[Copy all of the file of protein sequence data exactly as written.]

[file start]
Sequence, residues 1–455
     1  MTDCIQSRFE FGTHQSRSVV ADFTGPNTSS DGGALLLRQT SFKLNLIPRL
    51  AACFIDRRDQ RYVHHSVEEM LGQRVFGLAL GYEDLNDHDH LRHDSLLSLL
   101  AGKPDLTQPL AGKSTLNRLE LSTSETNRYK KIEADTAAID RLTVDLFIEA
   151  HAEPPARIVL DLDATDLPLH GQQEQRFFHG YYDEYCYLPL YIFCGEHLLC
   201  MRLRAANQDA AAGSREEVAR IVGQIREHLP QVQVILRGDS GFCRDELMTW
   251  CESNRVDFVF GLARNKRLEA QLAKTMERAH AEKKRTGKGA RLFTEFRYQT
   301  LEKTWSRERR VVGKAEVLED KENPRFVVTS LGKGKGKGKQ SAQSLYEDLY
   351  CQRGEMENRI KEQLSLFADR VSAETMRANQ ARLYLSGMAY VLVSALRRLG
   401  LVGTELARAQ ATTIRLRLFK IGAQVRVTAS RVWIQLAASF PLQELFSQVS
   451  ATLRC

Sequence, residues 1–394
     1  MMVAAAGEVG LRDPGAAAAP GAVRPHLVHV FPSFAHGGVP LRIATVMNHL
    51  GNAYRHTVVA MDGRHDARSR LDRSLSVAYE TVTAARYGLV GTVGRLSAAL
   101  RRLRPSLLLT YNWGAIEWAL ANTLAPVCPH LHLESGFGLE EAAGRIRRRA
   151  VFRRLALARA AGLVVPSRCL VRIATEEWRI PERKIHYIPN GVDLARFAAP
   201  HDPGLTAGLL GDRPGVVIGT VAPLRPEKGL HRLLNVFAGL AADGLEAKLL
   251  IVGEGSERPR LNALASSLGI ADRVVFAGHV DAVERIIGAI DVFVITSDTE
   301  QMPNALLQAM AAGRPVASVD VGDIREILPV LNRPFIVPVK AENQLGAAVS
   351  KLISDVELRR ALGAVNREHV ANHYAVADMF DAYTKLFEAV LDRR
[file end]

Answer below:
Sequence, residues 1–455
     1  MTDCIQSRFE FGTHQSRSVV ADFTGPNTSS DGGALLLRQT SFKLNLIPRL
    51  AACFIDRRDQ RYVHHSVEEM LGQRVFGLAL GYEDLNDHDH LRHDSLLSLL
   101  AGKPDLTQPL AGKSTLNRLE LSTSETNRYK KIEADTAAID RLTVDLFIEA
   151  HAEPPARIVL DLDATDLPLH GQQEQRFFHG YYDEYCYLPL YIFCGEHLLC
   201  MRLRAANQDA AAGSREEVAR IVGQIREHLP QVQVILRGDS GFCRDELMTW
   251  CESNRVDFVF GLARNKRLEA QLAKTMERAH AEKKRTGKGA RLFTEFRYQT
   301  LEKTWSRERR VVGKAEVLED KENPRFVVTS LGKGKGKGKQ SAQSLYEDLY
   351  CQRGEMENRI KEQLSLFADR VSAETMRANQ ARLYLSGMAY VLVSALRRLG
   401  LVGTELARAQ ATTIRLRLFK IGAQVRVTAS RVWIQLAASF PLQELFSQVS
   451  ATLRC

Sequence, residues 1–394
     1  MMVAAAGEVG LRDPGAAAAP GAVRPHLVHV FPSFAHGGVP LRIATVMNHL
    51  GNAYRHTVVA MDGRHDARSR LDRSLSVAYE TVTAARYGLV GTVGRLSAAL
   101  RRLRPSLLLT YNWGAIEWAL ANTLAPVCPH LHLESGFGLE EAAGRIRRRA
   151  VFRRLALARA AGLVVPSRCL VRIATEEWRI PERKIHYIPN GVDLARFAAP
   201  HDPGLTAGLL GDRPGVVIGT VAPLRPEKGL HRLLNVFAGL AADGLEAKLL
   251  IVGEGSERPR LNALASSLGI ADRVVFAGHV DAVERIIGAI DVFVITSDTE
   301  QMPNALLQAM AAGRPVASVD VGDIREILPV LNRPFIVPVK AENQLGAAVS
   351  KLISDVELRR ALGAVNREHV ANHYAVADMF DAYTKLFEAV LDRR